On the Limits of Wisdom


Wisdom is wonderful! But it will only get you so far.

Just ask Solomon.

I Kings 3:5-9, 16-28

5At Gibeon the Lord appeared to Solomon in a dream by night; and God said, “Ask what I should give you.” 6And Solomon said, “You have shown great and steadfast love to your servant my father David, because he walked before you in faithfulness, in righteousness, and in uprightness of heart toward you; and you have kept for him this great and steadfast love, and have given him a son to sit on his throne today. 7And now, O Lord my God, you have made your servant king in place of my father David, although I am only a little child; I do not know how to go out or come in. 8And your servant is in the midst of the people whom you have chosen, a great people, so numerous they cannot be numbered or counted. 9Give your servant therefore an understanding mind to govern your people, able to discern between good and evil; for who can govern this your great people?”

 16Later, two women who were prostitutes came to the king and stood before him. 17The one woman said, “Please, my lord, this woman and I live in the same house; and I gave birth while she was in the house.18Then on the third day after I gave birth, this woman also gave birth. We were together; there was no one else with us in the house, only the two of us were in the house. 19Then this woman’s son died in the night, because she lay on him. 20She got up in the middle of the night and took my son from beside me while your servant slept. She laid him at her breast, and laid her dead son at my breast. 21When I rose in the morning to nurse my son, I saw that he was dead; but when I looked at him closely in the morning, clearly it was not the son I had borne.” 22But the other woman said, “No, the living son is mine, and the dead son is yours.” The first said, “No, the dead son is yours, and the living son is mine.” So they argued before the king. 23Then the king said, “The one says, ‘This is my son that is alive, and your son is dead’; while the other says, ‘Not so! Your son is dead, and my son is the living one.’” 24So the king said, “Bring me a sword,” and they brought a sword before the king.25The king said, “Divide the living boy in two; then give half to the one, and half to the other.” 26But the woman whose son was alive said to the king—because compassion for her son burned within her—“Please, my lord, give her the living boy; certainly do not kill him!” The other said, “It shall be neither mine nor yours; divide it.” 27Then the king responded: “Give the first woman the living boy; do not kill him. She is his mother.”28All Israel heard of the judgment that the king had rendered; and they stood in awe of the king, because they perceived that the wisdom of God was in him, to execute justice.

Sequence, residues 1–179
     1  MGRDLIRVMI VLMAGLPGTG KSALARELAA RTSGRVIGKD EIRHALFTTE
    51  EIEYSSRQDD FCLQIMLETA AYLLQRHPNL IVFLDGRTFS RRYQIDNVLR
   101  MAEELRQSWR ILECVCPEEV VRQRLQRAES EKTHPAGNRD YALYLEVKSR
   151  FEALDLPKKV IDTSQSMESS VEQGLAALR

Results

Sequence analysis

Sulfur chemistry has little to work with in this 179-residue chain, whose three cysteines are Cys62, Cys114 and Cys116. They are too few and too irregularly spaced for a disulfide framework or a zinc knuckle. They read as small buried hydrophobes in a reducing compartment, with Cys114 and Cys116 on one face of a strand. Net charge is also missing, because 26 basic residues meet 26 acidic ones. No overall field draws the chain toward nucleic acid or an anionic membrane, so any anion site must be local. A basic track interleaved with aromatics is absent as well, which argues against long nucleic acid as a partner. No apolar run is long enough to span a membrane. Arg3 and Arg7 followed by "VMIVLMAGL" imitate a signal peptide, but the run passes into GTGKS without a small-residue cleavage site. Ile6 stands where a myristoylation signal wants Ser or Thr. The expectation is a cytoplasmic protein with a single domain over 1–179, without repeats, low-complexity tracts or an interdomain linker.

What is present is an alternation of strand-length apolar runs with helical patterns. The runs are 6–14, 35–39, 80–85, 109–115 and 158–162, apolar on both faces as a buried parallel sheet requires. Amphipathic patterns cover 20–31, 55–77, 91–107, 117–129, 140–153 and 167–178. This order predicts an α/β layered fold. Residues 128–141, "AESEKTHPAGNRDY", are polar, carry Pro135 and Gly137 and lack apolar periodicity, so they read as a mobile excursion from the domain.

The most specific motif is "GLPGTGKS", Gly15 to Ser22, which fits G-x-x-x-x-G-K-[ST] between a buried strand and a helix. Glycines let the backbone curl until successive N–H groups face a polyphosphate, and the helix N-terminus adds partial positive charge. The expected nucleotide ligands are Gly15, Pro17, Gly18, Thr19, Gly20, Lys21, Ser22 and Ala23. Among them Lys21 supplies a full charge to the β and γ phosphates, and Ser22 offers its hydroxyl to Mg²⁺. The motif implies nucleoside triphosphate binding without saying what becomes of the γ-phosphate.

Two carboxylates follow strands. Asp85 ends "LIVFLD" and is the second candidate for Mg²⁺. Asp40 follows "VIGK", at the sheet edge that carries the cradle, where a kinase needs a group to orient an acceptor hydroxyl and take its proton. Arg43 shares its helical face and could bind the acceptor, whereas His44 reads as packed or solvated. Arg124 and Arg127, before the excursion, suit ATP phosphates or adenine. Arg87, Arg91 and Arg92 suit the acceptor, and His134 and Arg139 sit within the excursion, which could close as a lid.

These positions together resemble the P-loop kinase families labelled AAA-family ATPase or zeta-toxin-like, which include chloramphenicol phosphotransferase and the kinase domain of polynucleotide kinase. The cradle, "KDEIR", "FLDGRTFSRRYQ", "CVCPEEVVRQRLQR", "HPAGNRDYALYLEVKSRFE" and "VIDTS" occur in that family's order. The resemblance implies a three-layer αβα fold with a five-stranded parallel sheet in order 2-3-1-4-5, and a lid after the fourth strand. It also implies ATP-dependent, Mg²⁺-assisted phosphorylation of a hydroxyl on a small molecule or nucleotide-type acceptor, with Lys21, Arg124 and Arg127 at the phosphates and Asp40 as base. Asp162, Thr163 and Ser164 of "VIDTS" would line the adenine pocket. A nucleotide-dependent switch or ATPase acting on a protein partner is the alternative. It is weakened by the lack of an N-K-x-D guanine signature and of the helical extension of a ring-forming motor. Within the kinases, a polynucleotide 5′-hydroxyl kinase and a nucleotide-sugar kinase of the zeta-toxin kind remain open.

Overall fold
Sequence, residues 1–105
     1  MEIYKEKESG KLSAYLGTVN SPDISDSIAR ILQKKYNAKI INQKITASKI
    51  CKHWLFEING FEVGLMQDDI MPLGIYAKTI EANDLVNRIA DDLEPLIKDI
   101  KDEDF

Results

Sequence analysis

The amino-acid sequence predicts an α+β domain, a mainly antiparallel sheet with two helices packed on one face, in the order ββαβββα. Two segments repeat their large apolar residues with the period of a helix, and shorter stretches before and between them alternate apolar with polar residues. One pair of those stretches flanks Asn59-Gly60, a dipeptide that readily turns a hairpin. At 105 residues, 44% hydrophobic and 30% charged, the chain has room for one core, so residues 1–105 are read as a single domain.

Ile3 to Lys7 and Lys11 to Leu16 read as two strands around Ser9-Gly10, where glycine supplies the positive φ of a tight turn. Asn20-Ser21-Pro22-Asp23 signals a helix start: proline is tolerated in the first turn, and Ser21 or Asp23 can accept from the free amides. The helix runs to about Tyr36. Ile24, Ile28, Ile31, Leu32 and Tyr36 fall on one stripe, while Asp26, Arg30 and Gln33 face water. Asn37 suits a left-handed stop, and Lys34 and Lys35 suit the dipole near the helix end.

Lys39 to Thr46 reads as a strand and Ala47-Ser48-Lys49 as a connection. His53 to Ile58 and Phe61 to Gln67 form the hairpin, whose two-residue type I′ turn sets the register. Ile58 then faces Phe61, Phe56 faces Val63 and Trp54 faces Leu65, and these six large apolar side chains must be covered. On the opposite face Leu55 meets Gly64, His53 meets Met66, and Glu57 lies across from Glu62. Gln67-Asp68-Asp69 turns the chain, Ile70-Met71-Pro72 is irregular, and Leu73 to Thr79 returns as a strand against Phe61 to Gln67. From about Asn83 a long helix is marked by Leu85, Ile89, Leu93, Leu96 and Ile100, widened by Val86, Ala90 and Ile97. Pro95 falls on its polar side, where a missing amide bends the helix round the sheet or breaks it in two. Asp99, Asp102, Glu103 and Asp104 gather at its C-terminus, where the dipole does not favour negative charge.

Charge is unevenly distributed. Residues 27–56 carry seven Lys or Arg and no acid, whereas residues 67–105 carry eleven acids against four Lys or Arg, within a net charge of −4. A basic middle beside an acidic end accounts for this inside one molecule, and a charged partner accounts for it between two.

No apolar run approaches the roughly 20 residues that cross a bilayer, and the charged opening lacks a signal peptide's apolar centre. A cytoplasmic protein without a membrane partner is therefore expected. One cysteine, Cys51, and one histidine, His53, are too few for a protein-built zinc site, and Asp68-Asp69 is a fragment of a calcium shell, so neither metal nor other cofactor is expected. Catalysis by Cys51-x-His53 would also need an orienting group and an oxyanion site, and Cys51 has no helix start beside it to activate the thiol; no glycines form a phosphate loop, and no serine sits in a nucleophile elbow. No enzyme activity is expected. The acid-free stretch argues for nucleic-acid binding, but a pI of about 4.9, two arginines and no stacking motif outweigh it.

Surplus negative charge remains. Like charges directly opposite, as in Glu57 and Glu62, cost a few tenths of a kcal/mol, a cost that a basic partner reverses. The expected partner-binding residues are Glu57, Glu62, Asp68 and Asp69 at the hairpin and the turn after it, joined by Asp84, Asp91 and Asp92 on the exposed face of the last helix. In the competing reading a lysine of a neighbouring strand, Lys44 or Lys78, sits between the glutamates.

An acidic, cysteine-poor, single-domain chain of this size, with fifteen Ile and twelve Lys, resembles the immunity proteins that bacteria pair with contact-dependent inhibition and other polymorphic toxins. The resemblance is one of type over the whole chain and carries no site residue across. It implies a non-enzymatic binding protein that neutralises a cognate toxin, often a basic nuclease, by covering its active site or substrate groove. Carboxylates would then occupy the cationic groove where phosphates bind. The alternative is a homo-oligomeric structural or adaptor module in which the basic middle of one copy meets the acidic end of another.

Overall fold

Last week we got a glimpse of David –great king of Israel, a deeply flawed man close to God’s heart. This week we heard about his son. Solomon as renowned for his wisdom, but oversaw the end of the united kingdom of Israel.